It is useful to consider which issues are of most importance to your charity and if any are ‘negotiable’. For example, if you would be willing to invest in the best performing companies within a particular sector rather than excluding the whole sector.  

This will help you to decide on the approach to apply to your investments (negative screening, positive screening or engagement, investing to maximise social impact) and in the case of negative screening, whether you wish to set a materiality level on turnover – for example, avoiding companies that derive more than 10% of turnover from the sale of tobacco products rather than any company selling tobacco. 

Research can show how the companies that your charity currently invests in would be affected if you applied screens on particular criteria. Research providers or your fund manager, may provide such information and help you understand how setting levels of materiality or specific criteria could impact on your investable universe. Adding too many restrictions may impact financial returns but this is not necessarily the case.  

More detailed information about the 5 steps.

It's not just about investments

Responsible investment has sometimes been considered an issue for only the larger charities, those with considerable amounts of investable capital. However, increasingly charities of all sizes have begun to think of how their choice of all financial providers can be aligned with their charitable objectives and values. Extending social, ethical and environmental considerations to your organisation’s choice of bank account, savings accounts, employee pension fund and donors or corporate partners is all part of thinking about how your charity can help positively influence the financial system and contribute to your charitable mission and objectives. Read more about applying this thinking beyond your investments.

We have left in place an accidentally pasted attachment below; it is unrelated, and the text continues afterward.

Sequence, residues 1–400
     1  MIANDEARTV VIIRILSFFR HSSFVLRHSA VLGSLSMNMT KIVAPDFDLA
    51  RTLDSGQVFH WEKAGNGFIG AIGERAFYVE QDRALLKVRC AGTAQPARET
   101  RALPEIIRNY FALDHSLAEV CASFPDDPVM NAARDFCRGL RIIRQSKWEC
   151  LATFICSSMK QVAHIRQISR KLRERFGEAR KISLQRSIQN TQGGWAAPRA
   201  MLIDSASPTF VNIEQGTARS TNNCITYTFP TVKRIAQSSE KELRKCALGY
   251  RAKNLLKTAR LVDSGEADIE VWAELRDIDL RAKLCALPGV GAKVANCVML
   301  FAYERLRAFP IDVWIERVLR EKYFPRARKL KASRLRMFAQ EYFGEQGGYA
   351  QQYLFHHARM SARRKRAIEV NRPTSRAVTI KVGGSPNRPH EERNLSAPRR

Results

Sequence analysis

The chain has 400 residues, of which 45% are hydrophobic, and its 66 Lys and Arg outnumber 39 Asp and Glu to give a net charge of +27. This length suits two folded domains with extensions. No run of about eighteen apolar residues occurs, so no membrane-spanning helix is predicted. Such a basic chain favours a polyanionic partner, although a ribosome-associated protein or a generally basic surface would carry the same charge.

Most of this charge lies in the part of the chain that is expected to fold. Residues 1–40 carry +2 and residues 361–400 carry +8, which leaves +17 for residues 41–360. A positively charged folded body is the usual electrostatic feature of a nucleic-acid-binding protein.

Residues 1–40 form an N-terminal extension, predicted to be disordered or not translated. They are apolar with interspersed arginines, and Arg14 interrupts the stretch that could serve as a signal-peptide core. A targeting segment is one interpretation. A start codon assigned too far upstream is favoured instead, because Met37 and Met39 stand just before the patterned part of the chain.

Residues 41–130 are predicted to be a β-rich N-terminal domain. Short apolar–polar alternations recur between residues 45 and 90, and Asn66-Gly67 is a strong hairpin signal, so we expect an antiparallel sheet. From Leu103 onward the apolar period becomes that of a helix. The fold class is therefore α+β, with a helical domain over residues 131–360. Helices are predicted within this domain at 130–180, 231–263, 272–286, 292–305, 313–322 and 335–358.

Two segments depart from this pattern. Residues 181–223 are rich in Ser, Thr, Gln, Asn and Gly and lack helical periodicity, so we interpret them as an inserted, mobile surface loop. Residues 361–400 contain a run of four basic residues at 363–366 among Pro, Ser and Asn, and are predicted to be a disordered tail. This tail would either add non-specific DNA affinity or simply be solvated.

Advice and support from others

One of the benefits of heightened interest and demand for responsible investment is the wealth of resources and useful case studies now available for those looking for more information. In the simplest terms, if other charities are successfully adopting robust, demonstrably impactful responsible and sustainable investment strategies without financial detriment, why wouldn’t this approach be adopted by all charities in a position to do so? Learning from other organisations and using objective resources produced by, amongst others, the EIRIS Foundation, Friends Provident Foundation, ShareAction, the Association of Charitable Foundations, the Impact Investment Institute and UKSIF, can help those charities looking for their own way forward.

For more specific advice and information visit the ‘Tailored Advice and Case Studies‘ section of this website.